As for the unspoken question – no, Tim’s doesn’t use crack in their coffee. It is addictive because they clean pots and machines atleast once a shift and have water temperatures set just so.

      1. Amber (OP #3)*

        Yeah. I’ve never had problems at ANY Tim’s except for one right by my house where I’ve had issues… twice!!! :o I don’t eat there any more – I don’t even get drinks; the first time it was a Timbit that caused me problems and then the second time I started feeling funny after drinking part of an Iced Capp I wasted three dollars on – but yeah just touching has never caused me any problems, as far as I know.

        1. jennie*

          Hmm… that’s odd. My husband has a severe peanut and tree nut allergy and eats/drinks at Timmies all the time. He doesn’t eat donuts but he’ll have a bagel or (nut-free) cookie with no problem.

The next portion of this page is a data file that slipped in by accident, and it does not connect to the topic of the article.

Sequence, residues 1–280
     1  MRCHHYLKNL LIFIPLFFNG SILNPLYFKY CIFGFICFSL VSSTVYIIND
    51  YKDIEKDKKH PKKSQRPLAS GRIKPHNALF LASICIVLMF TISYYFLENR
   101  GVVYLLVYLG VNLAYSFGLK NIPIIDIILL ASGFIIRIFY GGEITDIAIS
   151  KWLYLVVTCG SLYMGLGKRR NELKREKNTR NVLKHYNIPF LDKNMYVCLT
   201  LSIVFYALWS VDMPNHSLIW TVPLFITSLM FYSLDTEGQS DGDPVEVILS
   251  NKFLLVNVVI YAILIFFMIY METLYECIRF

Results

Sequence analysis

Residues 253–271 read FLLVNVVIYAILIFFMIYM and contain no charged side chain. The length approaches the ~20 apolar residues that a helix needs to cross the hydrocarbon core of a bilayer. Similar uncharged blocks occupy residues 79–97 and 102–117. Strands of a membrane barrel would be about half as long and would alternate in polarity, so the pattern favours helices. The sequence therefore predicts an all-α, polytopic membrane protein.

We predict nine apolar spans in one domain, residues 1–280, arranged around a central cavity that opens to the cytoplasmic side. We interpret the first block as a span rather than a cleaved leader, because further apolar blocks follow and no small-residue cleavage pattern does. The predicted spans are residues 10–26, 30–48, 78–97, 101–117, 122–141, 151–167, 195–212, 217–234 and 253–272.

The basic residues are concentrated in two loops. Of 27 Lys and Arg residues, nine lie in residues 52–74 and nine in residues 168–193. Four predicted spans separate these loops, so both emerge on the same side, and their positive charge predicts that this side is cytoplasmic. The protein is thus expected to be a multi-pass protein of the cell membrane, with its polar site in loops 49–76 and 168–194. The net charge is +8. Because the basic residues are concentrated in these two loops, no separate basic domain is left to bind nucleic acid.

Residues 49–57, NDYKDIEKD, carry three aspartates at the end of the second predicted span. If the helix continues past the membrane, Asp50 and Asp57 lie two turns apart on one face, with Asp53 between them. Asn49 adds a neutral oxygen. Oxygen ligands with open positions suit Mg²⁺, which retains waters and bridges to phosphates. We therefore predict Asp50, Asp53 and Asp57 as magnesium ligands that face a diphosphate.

Maybe, since you know you’ve had issues at the one by your house, you should apply to a different location. If it’s anything like my city, there should be another one right down the street! :)

          1. Amber*

            Haha yeah there’s lots in my town! :) There’s at least 7 that I can think of in the south end alone. Jeesh. There’s also one in the north end right where I volunteer and another one right next to the other place where I volunteer. ;) So that makes 8… probably 9… no, 10…!… in the south end, LOL. There used to be an 11th one but it closed down… holy crap, there’s a LOT of Tim’s here! xD;

        1. fposte*

          They’re in the US now, too–started east and are heading west. I used to see them in Ohio when I had to drive there, and it looks like they’ve made it to Indiana and Kentucky as well.